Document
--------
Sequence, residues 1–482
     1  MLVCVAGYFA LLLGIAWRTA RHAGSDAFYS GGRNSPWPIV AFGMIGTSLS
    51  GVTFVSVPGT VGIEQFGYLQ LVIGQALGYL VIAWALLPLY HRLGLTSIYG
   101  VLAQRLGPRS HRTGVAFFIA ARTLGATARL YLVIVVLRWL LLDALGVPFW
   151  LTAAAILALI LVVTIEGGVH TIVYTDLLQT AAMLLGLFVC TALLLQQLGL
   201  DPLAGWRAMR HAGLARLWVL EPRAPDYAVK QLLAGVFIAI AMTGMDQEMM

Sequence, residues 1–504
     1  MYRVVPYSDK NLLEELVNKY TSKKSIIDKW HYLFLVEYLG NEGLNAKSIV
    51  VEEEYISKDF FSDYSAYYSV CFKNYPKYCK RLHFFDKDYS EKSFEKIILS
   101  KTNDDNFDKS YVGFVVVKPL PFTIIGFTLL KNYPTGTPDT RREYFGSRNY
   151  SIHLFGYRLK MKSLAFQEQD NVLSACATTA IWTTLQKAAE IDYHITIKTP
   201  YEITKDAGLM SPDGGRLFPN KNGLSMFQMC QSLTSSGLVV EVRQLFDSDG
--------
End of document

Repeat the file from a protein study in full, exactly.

Sequence, residues 1–482
     1  MLVCVAGYFA LLLGIAWRTA RHAGSDAFYS GGRNSPWPIV AFGMIGTSLS
    51  GVTFVSVPGT VGIEQFGYLQ LVIGQALGYL VIAWALLPLY HRLGLTSIYG
   101  VLAQRLGPRS HRTGVAFFIA ARTLGATARL YLVIVVLRWL LLDALGVPFW
   151  LTAAAILALI LVVTIEGGVH TIVYTDLLQT AAMLLGLFVC TALLLQQLGL
   201  DPLAGWRAMR HAGLARLWVL EPRAPDYAVK QLLAGVFIAI AMTGMDQEMM

Sequence, residues 1–504
     1  MYRVVPYSDK NLLEELVNKY TSKKSIIDKW HYLFLVEYLG NEGLNAKSIV
    51  VEEEYISKDF FSDYSAYYSV CFKNYPKYCK RLHFFDKDYS EKSFEKIILS
   101  KTNDDNFDKS YVGFVVVKPL PFTIIGFTLL KNYPTGTPDT RREYFGSRNY
   151  SIHLFGYRLK MKSLAFQEQD NVLSACATTA IWTTLQKAAE IDYHITIKTP
   201  YEITKDAGLM SPDGGRLFPN KNGLSMFQMC QSLTSSGLVV EVRQLFDSDG